It also enables Limoneira to bring more quality to the end users with new technology. “It’s very gentle on the fruit, and the quality in the pack is noticeably different,” Edwards describes.
The facility also freed up capacity, allowing Limoneira to put a greater focus on specialty packs that customers request, as well as look at more areas to invest for producing and sourcing lemons. “This investment has been a game changer to our company,” he says.
Limoneira is enjoying positive trends in its market, Edwards says. “One thing that has happened that is fantastic for us is two of the major focal points of the company — the [lemons] and the avocados — have become super foods,” he describes.
More consumers have become aware of the nutritional and health aspects of lemons and avocados. “Because of the understanding of the nutritional benefits of these two products, we’re seeing demand in these two areas increase at levels that we haven’t seen in the last 125 years,” Edwards describes.
In fact, Limoneira is in the position where demand is exceeding supply. “That gives us the opportunity to create value for clients to serve their needs as they’re trying to service their customers,” he says.
Family in Food
Edwards joined Limoneira in 2003. “This is my 15th year as the president and CEO,” he says, noting that he has always worked in the agricultural and food industries. “I spent my early career with the Ralston Purina Co.”
He notes that the company maintains a work environment that is extremely collegial. “We try to operate as a large family,” Edwards says. “Everybody is very focused and everybody has a very specific job.
“It’s just a great place to work,” he says, noting that its low employee turnover speaks to its environment. “People are always trying to join.”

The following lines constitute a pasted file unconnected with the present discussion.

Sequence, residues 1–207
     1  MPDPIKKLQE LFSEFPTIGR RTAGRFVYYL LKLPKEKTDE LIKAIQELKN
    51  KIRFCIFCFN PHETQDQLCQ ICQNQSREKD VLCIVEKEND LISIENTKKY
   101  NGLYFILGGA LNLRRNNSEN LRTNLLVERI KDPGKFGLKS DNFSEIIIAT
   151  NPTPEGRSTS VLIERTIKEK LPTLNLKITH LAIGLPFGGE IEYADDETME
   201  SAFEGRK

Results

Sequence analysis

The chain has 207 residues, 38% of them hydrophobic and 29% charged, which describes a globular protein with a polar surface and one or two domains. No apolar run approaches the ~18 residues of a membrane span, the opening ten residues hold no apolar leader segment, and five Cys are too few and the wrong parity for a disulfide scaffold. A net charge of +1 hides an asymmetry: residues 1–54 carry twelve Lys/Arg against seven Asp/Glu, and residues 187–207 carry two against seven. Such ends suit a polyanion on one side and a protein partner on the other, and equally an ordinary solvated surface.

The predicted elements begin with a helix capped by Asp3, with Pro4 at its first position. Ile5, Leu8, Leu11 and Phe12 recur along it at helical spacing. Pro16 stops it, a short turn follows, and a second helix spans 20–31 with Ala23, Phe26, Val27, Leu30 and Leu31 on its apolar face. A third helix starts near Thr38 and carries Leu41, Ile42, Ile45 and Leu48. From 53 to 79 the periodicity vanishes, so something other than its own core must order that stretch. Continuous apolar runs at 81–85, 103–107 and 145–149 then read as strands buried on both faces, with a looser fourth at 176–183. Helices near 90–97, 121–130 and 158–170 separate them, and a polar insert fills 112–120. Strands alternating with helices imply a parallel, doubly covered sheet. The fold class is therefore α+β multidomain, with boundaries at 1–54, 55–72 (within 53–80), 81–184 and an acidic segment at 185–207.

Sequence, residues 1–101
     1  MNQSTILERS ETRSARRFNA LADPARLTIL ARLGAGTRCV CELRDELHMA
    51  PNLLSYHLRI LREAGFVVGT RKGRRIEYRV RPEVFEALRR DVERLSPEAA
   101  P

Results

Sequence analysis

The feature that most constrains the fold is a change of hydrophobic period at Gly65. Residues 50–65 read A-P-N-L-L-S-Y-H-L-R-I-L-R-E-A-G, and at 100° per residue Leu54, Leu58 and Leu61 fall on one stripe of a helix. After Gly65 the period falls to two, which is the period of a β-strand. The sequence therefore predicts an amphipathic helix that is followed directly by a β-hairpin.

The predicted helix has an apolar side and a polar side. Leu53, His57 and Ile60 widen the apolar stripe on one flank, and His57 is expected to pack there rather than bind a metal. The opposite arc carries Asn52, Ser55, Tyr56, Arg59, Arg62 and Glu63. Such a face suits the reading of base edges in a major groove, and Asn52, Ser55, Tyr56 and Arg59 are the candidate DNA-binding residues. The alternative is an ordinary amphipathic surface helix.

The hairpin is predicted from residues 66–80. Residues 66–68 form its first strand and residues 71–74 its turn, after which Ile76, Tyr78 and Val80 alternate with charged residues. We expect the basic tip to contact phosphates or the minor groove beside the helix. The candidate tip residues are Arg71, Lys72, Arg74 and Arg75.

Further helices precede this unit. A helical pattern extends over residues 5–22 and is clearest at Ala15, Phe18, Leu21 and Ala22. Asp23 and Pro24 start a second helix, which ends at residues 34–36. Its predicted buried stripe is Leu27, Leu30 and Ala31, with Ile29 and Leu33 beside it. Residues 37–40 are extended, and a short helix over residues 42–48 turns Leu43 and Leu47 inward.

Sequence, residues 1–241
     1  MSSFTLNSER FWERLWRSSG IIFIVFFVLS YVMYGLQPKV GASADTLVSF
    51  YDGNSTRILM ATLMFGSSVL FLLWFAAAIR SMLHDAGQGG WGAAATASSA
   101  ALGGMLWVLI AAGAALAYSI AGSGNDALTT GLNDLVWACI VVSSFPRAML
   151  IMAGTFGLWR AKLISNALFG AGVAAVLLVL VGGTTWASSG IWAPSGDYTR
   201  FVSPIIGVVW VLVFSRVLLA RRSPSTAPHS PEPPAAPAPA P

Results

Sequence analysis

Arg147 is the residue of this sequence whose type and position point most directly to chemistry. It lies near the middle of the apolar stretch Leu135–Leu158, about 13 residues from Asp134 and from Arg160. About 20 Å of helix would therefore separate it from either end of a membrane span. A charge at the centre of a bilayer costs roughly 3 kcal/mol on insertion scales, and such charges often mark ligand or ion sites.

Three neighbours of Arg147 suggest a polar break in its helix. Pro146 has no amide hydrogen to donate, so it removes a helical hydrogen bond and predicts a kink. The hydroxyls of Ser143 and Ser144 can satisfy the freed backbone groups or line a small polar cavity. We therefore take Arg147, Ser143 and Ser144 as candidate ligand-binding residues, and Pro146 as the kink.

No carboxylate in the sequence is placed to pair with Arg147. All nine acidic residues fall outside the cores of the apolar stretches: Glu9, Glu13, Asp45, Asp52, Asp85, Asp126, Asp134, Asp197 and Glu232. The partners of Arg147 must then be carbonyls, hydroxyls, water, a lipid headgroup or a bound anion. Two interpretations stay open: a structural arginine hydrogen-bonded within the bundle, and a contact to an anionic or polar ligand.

Its longtime employees include Chief Operating Officer Alex Teague, whose great-grandfather was the company’s first general manager in 1983. “He was one of my first hires in 2005,” Edwards says.
He also highlights CFO Mark Palamountain, who was hired by Limoneira as a solar energy contractor when it made large investments in solar electricity. “He became so impressed with the company that he came and asked if he could have an opportunity with the company,” Edwards recalls.
Other key members include Head of Sales John Carter, Director of Marketing John Chamberlin, Director of Human Resources Kathleen Thompson and Rosie Castillo, who manages its housing operations. “Important parts of our company’s mission include both providing shareholder value and a substantive focus on sustainability,” Edwards says.
“Driving revenue in a global air-traffic control mode is Carter’s role,” he continues. “Rosie Castillo’s housing component is a key part of sustainability. Kathleen Thompson has placed a focus on employee safety and has helped the Company earn family friendly accolades.
“Chamberlain helps tell our story in an efficient creative way. They each have the ability to work together as a team to help move the company forward.”
Edwards also names Anthony Ecuyer, the director of packing for the lemon operations. “He’s been a real game changer for our company,” he says. “He’s been a great manager of a complex part of our organization and he’s driven to make our production facility as lean and efficient as possible.”
Limoneira plans to commemorate its 125th anniversary later this year. “We’re organizing a celebration event in which we’ll bring in the community, our vendors, our customers and people who are affiliated with our company,” Edwards describes.
He adds that the company’s long history reflects its goal of sustainability. “The ultimate test of our brand is that we’ve been around for 125 years,” he says.
Limoneira plans for more growth as it extends its history. When the company joined the NASDAQ Global Exchange and became a publicly traded firm in 2009, it chose to focus more on expansion.
“One of the most gratifying parts of my job is we’ve really created a platform for global growth,” he says, noting that this will bring value to its shareholders. “We’re very excited to see the growth for us in global citrus supplies as our company evolves.”
The Right Thing
Limoneira has moved outside of citrus through its partnership with Lewis Group of Cos. “They have a record of being a generational homebuilding company,” Edwards says. “They are, in our opinions, the [best] master planned community development company in the world.”
Both firms are working together on a 1,500-home, master-planned community in Santa Paula. Although this is not a frequent venture for Limoneira, it takes advantage “when the opportunity presents itself and it’s the right thing for the company,” he says.
“Limoneira works hard to ensure that the communities in which we operate are sustainable,” he continues. “Harvest at Limoneira, which is what we’re describing here, will have new housing, provide new jobs, and educational and healthcare benefits for everyone in Santa Paula.”
source: Food&Drink Magazine